The fact that Tumblr went from being valued at $1.1 billion to only $3 million is not a coincidence. As Marco says, David really didn't have a plan to become profitable. His goal was to grow the platform, and he assumed that if he could attract enough users, the money would come. Like many startups, Tumblr was sold for a lot of money because its huge userbase - hundreds of millions - promised a lot of potential profit. But the problem was that the platform was never built with profit in mind. At a certain point, you have to shift focus from capturing an audience to actually monetizing that audience. Once the suits came in and had to try to figure out a way to make a platform that had no business model profitable to the tune of a billion dollars, it all went to shit. Tumblr as a platform caters to memes and easily reshared and reblogged content. Instant gratification web content, like fast food. And users are generally not willing to pay a premium for that, and it's apparently hard to attract enough advertisers to make such a platform profitable.

      Tumblr could probably have been profitable if, like Marco Arment had advised in the beginning, it had focused on growing at a reasonable rate and becoming profitable. But David Karp was a visionary and he didn't care. He received his cashout from the Yahoo! sale, and that was that. Tumblr has made a long series of decisions that have alienated its userbase, from trying to make the platform a walled garden to, more recently, banning porn in late 2018. I can see the logic behind the decisions: Tumblr had to change, both socially and technologically, to become profitable. But none of the moves worked. None of them could make the platform profitable, at least not profitable enough to justify its inflated price tag. Hence, the firesale in 2019.

      I'm not very active on the platform these days. I deleted my own blogs in 2016, for personal reasons. By that time, most of my little circle of online friends had also moved on from the platform. I've seen the demographic change several times. When I first started using it, the site was full of tech bros and creatives. Later, it became a haven for teenagers, memes and fandoms. The stereotype of "the tumblr" was now a teenaged so-called "SJW" - the attack helicopter meme was heavily tied to Tumblr. Know Your Meme writes that "I Sexually Identify as an Attack Helicopter... parodies absurd gender and sexual identification posts often found on forums and blogging sites, most notably Tumblr." Later, unexpectedly, porn became a major factor on the platform. This was after I had started to distance myself from the platform, and it was honestly a surprise to me as it wasn't really a side of the platform I had been much exposed to. However, Tumblr's traffic reportedly tanked by one third when Tumblr banned porn, so clearly it had become one of the major drivers of traffic on the platform by late 2018.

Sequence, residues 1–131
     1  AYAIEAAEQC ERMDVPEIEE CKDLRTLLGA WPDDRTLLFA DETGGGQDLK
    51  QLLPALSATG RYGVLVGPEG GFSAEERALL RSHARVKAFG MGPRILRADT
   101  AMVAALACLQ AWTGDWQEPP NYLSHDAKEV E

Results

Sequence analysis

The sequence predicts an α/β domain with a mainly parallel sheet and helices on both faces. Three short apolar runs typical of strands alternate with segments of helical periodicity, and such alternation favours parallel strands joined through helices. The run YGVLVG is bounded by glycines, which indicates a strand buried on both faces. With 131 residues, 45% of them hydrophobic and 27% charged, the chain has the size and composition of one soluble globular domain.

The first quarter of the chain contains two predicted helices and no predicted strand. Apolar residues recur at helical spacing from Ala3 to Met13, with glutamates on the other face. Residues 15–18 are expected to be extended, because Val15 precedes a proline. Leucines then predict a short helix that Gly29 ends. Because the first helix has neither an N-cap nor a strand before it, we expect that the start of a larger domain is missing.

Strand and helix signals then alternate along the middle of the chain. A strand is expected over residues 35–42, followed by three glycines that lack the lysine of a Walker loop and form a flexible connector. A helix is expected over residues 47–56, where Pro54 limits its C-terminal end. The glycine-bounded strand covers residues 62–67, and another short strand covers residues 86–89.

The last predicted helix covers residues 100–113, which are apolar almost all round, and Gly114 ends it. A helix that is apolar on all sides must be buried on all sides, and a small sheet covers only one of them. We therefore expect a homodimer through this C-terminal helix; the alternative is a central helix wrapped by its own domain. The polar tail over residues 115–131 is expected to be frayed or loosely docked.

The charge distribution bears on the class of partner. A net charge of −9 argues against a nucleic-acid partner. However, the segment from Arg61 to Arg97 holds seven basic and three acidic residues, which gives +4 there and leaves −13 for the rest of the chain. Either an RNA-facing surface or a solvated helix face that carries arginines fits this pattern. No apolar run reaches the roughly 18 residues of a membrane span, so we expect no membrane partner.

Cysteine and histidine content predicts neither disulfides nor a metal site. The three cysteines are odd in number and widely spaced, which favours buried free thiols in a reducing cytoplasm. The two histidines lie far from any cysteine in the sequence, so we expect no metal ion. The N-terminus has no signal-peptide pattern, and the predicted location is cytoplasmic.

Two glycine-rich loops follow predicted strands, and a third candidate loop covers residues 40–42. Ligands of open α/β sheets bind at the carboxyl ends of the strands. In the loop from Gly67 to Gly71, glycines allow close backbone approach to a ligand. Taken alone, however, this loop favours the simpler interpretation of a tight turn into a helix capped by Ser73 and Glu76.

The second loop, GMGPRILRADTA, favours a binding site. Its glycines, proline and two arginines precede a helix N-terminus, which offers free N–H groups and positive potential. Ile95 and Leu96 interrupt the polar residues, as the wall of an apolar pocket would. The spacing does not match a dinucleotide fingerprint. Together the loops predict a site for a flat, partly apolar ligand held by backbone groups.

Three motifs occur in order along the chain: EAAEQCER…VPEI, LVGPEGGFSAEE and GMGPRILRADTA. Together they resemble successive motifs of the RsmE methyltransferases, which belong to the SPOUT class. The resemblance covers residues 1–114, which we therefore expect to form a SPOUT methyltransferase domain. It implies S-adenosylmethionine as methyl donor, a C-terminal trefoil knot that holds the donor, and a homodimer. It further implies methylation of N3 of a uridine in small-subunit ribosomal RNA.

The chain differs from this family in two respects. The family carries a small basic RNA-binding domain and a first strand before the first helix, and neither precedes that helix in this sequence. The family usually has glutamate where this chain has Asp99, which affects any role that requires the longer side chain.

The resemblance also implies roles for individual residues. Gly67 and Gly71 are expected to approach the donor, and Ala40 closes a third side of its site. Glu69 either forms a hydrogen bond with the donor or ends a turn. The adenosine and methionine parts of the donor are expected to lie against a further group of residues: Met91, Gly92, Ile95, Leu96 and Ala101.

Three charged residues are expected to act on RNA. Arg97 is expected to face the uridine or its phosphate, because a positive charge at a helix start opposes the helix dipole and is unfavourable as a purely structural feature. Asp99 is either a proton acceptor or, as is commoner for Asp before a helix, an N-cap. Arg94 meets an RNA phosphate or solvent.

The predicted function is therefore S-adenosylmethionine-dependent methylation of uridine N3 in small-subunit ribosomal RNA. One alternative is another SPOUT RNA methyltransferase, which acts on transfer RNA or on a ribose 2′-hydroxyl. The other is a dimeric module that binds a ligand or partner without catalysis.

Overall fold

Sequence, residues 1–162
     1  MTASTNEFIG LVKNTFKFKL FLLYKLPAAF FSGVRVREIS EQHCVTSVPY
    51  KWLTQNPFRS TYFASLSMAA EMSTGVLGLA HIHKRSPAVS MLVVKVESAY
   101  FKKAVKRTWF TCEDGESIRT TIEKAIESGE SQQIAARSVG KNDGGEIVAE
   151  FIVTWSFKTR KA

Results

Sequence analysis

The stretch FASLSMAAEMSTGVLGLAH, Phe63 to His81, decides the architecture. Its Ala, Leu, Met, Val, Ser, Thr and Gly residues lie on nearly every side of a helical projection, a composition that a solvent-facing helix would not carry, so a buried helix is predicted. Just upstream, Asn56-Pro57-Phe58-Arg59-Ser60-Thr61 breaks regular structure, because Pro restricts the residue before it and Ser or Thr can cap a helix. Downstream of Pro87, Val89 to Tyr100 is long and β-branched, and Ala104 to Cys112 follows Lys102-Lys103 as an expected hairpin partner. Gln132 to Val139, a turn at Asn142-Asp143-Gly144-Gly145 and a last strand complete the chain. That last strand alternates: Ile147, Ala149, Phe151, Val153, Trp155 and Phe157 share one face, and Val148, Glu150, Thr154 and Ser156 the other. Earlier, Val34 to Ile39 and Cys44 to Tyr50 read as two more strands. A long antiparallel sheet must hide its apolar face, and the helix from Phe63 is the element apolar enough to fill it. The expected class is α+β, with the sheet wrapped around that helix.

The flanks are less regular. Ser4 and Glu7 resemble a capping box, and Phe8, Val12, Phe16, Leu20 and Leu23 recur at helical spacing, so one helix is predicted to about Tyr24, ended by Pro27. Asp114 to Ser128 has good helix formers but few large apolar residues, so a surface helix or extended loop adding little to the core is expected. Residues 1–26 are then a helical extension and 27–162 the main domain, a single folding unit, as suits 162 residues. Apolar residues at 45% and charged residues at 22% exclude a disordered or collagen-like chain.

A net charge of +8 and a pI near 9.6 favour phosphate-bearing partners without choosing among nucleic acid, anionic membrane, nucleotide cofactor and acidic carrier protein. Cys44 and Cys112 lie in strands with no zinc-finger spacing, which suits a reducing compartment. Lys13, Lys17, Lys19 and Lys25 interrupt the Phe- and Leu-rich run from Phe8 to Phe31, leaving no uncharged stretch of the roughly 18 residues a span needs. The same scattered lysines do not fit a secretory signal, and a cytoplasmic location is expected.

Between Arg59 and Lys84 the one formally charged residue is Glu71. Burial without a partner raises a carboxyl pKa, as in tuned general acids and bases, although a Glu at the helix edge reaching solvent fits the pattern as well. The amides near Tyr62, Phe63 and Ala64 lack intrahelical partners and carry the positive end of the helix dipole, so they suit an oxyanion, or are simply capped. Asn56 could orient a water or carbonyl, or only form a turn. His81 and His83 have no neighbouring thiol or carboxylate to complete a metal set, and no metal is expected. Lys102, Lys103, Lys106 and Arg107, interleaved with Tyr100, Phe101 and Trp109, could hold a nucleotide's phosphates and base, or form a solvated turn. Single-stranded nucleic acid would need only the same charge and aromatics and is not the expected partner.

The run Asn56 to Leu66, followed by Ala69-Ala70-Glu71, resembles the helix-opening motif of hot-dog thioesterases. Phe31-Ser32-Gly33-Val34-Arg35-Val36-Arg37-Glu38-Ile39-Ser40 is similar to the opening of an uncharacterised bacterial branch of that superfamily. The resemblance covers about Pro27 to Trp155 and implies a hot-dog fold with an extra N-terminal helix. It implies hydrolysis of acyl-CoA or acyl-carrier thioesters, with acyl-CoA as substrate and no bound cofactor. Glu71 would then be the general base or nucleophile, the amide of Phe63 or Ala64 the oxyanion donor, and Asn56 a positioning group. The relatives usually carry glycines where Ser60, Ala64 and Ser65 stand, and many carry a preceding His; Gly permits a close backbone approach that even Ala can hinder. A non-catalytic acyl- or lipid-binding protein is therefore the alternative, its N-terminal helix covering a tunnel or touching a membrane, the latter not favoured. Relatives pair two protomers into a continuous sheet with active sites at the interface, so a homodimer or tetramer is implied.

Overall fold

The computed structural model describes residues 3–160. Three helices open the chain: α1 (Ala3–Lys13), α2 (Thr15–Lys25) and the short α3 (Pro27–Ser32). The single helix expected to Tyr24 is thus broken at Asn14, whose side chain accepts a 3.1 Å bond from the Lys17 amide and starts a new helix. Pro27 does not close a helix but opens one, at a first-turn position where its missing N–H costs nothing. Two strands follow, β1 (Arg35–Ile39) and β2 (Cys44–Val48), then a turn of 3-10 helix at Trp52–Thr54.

Bildungsroman

      I don't know what the future holds for Tumblr, and I'm not particularly invested in the platform these days. But I'm very grateful that I happened to be in the right place at the right time and got to experience the beginning. There's something intoxicating about being part of a small clique who, although nobody will admit it because it sounds ridiculous when you say it aloud, all believe they're in some way changing the world for the better. I'm grateful that, despite my social isolation in real life, I found this surrogate group of friends. Like many friend groups, we all eventually drifted apart, and I haven't spoken to any of them in years. But thanks to Richard, Bill, Marco, Nik, Inky, Ghostvirus, Chris, and everyone else for accepting me and giving me a place to belong when I struggled to fit in anywhere IRL.